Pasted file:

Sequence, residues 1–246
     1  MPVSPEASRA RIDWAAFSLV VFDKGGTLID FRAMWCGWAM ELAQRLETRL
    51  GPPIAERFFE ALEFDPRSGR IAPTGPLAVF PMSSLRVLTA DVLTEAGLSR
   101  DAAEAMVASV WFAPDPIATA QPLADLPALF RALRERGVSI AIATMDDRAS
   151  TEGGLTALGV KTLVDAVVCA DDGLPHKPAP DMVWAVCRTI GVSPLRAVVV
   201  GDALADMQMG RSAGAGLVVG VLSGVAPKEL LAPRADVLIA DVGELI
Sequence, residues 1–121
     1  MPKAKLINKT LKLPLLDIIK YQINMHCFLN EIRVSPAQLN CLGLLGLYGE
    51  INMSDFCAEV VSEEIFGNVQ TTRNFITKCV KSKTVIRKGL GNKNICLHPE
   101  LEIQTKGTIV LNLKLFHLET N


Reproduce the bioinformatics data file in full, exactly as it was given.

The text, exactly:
Sequence, residues 1–246
     1  MPVSPEASRA RIDWAAFSLV VFDKGGTLID FRAMWCGWAM ELAQRLETRL
    51  GPPIAERFFE ALEFDPRSGR IAPTGPLAVF PMSSLRVLTA DVLTEAGLSR
   101  DAAEAMVASV WFAPDPIATA QPLADLPALF RALRERGVSI AIATMDDRAS
   151  TEGGLTALGV KTLVDAVVCA DDGLPHKPAP DMVWAVCRTI GVSPLRAVVV
   201  GDALADMQMG RSAGAGLVVG VLSGVAPKEL LAPRADVLIA DVGELI
Sequence, residues 1–121
     1  MPKAKLINKT LKLPLLDIIK YQINMHCFLN EIRVSPAQLN CLGLLGLYGE
    51  INMSDFCAEV VSEEIFGNVQ TTRNFITKCV KSKTVIRKGL GNKNICLHPE
   101  LEIQTKGTIV LNLKLFHLET N